How to Reduce Phosphates in Your Saltwater Aquarium
Every saltwater aquarium contains phosphates — otherwise, the coral and some other organisms that reside in it wouldn’t thrive and may even die. Phosphate is, after all, a natural part of seawater. However, there can be too much of a good thing. When phosphate levels grow too high, an abundance of algae develops inside the aquarium. It’s also stressful on your coral, can lead to stunted growth and calcification, and may even cause the coral to decay or die.
As a general rule, the phosphate level won’t impact your fish, but it can make for an unattractive aquarium. If your fish are doing well but your coral isn’t, it may be time to check the phosphate levels.
What Causes High Phosphates In Saltwater Aquariums?
There are many reasons why your saltwater aquarium may develop high levels of phosphate. There may be an abundance in the replacement water you use, especially if you use tap water. Adding too much fish food, especially food that goes uneaten, to your aquarium can also be the culprit. Other additives, like carbon and products used to stabilize your pH, can add to the phosphate level.
Many times, it’s not about what you add and more about what’s already in the aquarium. As living organisms and their byproducts, like plant material, fish feces, bacteria, and slime decompose, they release more phosphates out into the water.
How To Test For High Phosphates?
There are several devices available that allow you to test the phosphates in saltwater aquarium, or you can look for a general water testing kit. You’ll need a syringe or another item that allows you to collect and measure some water from the tank. You can then follow the instructions on whatever phosphate tester you choose, using the water you’ve collected. Many of them require you to add chemicals to the collected water, shake it, and let it sit for a few minutes before matching the color of the water to a color level on a chart.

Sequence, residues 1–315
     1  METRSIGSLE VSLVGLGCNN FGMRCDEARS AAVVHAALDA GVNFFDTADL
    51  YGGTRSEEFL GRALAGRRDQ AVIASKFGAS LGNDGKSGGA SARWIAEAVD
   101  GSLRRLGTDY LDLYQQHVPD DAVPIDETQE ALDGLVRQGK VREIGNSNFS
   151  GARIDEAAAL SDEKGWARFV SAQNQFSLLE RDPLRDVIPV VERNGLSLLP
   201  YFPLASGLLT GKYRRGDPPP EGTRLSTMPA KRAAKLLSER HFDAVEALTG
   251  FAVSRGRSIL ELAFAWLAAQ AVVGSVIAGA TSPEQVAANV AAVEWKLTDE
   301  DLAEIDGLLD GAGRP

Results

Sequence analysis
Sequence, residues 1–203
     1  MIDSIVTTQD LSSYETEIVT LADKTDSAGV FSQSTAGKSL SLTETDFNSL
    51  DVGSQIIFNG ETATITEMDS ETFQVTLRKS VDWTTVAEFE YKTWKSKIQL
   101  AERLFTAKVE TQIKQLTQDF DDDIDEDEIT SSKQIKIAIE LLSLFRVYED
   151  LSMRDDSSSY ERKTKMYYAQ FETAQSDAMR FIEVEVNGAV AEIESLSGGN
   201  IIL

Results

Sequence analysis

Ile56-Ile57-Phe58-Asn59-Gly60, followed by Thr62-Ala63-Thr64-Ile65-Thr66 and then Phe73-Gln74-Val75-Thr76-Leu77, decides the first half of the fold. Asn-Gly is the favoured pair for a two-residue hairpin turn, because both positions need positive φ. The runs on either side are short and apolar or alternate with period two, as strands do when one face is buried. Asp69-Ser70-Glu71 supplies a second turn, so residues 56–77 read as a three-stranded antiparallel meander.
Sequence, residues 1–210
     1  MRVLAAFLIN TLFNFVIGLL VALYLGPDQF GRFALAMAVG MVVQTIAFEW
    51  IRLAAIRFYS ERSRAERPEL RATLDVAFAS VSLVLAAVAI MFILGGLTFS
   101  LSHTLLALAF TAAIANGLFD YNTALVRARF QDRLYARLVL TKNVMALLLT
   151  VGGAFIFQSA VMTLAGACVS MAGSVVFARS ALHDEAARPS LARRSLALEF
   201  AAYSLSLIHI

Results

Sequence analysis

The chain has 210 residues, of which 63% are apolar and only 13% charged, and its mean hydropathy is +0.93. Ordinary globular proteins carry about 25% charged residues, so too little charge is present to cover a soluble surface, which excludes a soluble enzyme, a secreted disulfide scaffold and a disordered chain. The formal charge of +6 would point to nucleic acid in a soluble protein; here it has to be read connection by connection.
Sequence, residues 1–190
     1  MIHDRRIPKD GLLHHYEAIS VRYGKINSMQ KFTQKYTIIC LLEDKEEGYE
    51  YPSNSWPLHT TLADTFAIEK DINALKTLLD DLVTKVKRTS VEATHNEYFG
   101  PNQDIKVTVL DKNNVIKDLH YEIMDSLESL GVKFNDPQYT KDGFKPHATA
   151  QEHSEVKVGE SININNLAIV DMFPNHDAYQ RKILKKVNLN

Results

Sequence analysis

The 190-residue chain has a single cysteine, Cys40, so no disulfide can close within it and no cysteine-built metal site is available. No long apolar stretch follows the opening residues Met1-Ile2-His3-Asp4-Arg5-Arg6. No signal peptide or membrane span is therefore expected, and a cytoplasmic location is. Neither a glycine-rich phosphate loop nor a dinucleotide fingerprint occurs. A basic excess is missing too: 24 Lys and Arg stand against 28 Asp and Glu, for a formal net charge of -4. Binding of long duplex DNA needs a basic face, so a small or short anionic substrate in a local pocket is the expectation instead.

What Are Normal Phosphate Levels In A Reef Tank?
Most of the time, we recommend keeping the phosphate levels in reef tank below 0.05 ppm. That’s similar to the levels in the ocean, which usually range from 0.05 ppm to 0.07 ppm. Be careful not to let your phosphate level go too low, especially below 0.02 ppm. This can actually starve your coral to death.
How To Lower Phosphates In A Saltwater Aquarium?
Now it’s time to learn how to reduce phosphates in a saltwater aquarium. While you’ll never fully get rid of the phosphate (and you don’t want to fully get rid of it), there are some quick and easy things you can to do to lower the level. Start by feeding your fish less, especially if they aren’t eating everything you give them. As food sinks to the bottom and decomposes, it raises the level of phosphates in a saltwater aquarium.
Changing the water can also help. You may want to check the water you replace it with before you add it to your aquarium, though. Some water is actually naturally high in phosphates. It’s also important to keep your aquarium clean, which means removing decomposing material frequently.
Another natural option is adding good algae — seaweed or macroalgae — to your aquarium. This option may not be for everyone for aesthetic reasons, but it can get the job done. You can also keep it in your sump filter to make it more visually appealing.
If you prefer chemical methods, there are some products on the market meant to reduce phosphate levels in a reef tank. These products absorb the phosphate in the water, but you must refresh them frequently for them to work. Many saltwater aquarium owners prefer products that contain granular ferric oxide. The ingredient forms a molecular bond with the phosphates and doesn’t release them back into the water as some other products do.
When learning how to reduce phosphates in a saltwater aquarium, you may try one or all of the methods mentioned above. In the end, it’s about which method you like the best, and which ones work best in your saltwater aquarium. After all, owning and maintaining an aquarium should be a fun hobby that doesn’t feel like hard work. Just be careful not to reduce the levels so that they are too low, and be sure to monitor your phosphate levels regularly. Higher levels can sneak up on you before you know it, and if you catch them in time, you can save your coral and keep your aquarium looking good.